This can depend on the instrument that is being triggered.
Some synth patches are designed to be ‘monophonic’, and will only play a single note at a time. Some might even allow adjustable ‘portamento’ or ‘gliding’ effects if notes are overlapping. If the instrument in question has patches that can be edited into a more polyphonic mode, then notes can overlap.
Just as an example…I have a number of Garritan libraries that work inside the ARIA player. Some of the included instruments can NOT play more than one tone at a time if the ‘auto-legato’ feature is enabled. In this case the instrument is set so that ‘overlapping’ notes will generate a more legato attack, with ‘adjustable’ portamento via CC messages. On this sort of track, divisi part writing over the same MIDI channel wouldn’t work.
Sometimes I load up a plugin with a ton of polyphony going on in fully polyphonic patches and notes just get lost (some get cut short, or don’t sound at all). I have to remember to go into that plugin’s settings and increase the total polyphony of the plugin, then I’m back in business.
I forget exactly how Cubase itself treats things if you have duplicate notes, with an overhang of the previous note (I.E. middle C overlapping another middle C)…if it sends exactly what is showing on the screen (two note on events, before any note-off), then I suspect its sound will vary depending on the instrument receiving it. A true poloyphonic patch will sound the first tone, then the second, then release the first, and later the second (so you actually get the tone playing twice as long as there is overhang). For a monophonic patch, it can vary a good deal depending on how it’s programmed to react to overlapping notes. I.E. Some plugins/patches might muddle it up by cutting the second tone short at receiving a ‘note-off event’ if you have overhang on the same note. So…sometimes it’s best to simply try different patches, or even different plugins if you’re wanting to use the long standing general midi technique of ‘overlapping notes’ to simulate ‘legato’ playing, but are only getting chop suey.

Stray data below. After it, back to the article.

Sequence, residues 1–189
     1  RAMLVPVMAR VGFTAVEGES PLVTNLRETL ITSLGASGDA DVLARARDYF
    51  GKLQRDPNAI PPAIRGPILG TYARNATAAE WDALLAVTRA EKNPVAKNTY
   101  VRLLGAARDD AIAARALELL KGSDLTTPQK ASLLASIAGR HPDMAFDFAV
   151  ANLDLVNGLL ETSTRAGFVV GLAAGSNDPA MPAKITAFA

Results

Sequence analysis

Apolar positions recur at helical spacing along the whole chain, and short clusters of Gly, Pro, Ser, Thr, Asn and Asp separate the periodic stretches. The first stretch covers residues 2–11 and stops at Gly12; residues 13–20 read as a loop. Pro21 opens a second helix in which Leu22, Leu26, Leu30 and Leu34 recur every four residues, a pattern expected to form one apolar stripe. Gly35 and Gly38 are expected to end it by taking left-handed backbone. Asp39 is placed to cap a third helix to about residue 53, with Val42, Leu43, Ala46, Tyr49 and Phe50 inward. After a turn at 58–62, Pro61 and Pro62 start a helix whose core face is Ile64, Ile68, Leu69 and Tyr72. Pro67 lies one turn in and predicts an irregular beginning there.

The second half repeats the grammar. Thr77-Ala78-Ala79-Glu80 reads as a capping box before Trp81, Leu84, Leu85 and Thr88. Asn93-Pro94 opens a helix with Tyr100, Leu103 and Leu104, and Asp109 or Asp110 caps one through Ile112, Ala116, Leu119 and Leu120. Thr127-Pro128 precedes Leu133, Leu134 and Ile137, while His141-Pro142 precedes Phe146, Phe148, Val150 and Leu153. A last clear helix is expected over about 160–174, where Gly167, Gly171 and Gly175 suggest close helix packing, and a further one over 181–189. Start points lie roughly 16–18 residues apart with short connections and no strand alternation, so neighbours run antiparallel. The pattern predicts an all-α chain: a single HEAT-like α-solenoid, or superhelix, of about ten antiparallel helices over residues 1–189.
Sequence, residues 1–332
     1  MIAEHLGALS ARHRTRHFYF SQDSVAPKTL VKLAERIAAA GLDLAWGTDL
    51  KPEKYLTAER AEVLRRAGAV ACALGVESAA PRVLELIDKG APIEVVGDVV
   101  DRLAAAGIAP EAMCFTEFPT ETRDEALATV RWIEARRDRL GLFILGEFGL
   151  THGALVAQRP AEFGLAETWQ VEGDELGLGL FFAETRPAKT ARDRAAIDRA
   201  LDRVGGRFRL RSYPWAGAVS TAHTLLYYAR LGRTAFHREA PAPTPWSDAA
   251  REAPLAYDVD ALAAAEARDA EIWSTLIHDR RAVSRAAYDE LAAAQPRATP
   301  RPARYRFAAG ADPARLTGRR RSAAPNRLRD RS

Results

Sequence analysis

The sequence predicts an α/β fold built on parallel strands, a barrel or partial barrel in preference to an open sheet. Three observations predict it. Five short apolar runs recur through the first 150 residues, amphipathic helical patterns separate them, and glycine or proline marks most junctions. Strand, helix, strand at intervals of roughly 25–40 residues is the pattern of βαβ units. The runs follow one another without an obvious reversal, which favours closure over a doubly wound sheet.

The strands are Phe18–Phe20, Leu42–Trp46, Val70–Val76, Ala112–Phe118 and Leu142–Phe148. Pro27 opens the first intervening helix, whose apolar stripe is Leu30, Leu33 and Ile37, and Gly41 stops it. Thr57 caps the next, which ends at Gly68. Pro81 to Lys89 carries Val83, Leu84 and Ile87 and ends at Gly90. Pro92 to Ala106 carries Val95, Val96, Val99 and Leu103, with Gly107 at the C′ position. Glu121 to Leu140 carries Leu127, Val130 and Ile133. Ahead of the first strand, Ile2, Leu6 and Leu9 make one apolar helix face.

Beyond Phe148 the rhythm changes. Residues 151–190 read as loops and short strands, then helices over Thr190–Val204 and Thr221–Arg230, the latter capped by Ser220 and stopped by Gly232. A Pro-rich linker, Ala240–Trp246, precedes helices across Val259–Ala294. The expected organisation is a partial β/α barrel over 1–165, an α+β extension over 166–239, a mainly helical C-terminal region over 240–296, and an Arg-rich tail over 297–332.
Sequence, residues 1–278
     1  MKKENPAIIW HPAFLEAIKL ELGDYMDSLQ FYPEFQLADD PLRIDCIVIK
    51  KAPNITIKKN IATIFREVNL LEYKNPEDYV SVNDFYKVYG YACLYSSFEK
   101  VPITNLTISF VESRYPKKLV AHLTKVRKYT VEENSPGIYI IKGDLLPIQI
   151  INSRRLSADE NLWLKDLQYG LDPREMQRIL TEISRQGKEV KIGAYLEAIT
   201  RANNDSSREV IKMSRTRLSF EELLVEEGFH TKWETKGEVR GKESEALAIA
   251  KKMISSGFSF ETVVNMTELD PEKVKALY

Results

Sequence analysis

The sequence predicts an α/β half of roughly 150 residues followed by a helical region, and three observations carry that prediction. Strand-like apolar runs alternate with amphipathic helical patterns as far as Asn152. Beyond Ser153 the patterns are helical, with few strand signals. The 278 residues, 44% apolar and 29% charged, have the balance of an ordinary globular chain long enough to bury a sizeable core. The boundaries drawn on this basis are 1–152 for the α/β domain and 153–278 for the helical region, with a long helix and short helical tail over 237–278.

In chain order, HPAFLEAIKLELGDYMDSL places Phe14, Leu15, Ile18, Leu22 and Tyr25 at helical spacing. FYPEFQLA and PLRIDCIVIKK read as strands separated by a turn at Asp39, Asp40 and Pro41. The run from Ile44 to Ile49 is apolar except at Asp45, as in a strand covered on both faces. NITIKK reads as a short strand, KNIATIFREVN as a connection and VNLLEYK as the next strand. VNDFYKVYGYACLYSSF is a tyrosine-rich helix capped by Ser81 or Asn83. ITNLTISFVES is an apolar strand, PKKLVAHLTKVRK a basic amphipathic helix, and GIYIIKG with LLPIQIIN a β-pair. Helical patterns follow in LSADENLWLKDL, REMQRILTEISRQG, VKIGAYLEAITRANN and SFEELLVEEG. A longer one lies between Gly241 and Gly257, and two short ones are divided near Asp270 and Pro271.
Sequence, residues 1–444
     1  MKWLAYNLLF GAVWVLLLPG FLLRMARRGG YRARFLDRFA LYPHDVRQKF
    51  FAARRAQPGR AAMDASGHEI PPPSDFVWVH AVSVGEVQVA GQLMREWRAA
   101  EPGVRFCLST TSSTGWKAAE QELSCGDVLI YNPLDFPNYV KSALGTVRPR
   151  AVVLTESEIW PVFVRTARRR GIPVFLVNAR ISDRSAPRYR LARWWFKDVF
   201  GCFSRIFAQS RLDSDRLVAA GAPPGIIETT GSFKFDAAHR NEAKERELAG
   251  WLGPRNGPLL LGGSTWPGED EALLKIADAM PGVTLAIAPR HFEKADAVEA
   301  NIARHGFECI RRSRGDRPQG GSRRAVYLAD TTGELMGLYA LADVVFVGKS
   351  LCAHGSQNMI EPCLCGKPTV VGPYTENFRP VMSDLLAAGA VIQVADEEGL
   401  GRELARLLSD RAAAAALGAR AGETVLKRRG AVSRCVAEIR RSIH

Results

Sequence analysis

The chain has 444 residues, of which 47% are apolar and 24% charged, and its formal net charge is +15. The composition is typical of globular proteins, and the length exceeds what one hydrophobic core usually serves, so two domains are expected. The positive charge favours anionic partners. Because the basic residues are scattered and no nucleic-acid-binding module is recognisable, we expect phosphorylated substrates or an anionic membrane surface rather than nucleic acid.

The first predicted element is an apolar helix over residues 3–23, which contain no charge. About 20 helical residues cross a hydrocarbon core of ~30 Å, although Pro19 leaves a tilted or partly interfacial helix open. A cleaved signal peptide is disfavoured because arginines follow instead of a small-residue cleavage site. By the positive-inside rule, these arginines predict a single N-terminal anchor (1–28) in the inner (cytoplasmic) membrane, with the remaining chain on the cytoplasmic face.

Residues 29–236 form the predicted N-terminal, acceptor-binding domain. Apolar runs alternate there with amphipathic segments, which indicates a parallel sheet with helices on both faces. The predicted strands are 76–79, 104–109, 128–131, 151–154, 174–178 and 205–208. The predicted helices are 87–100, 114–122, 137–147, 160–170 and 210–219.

It’s not uncommon to load up a plugin/patch that just does NOT like overlapping notes. If that’s the case, the Cubase key editor does provide tools quickly and easily remove the ‘overlapping’. In contrast, it also has ‘legato’ tools to intentionally ‘add overlaps’.
I’m not at my DAW right now to provide a screen shot tutorial, but let me know if you can’t find it. If I recall correctly, the note length tools can be found in one of the tabs towards the left edge of the Key Editor window. There are also some things in the main Cubase MIDI menu across the top of the screen that can be useful in batch adjusting note-lengths. It’s also possible to ‘build your own’ low level ‘logic editors’ to do all sorts of wonderful and creative things with ‘note lengths’.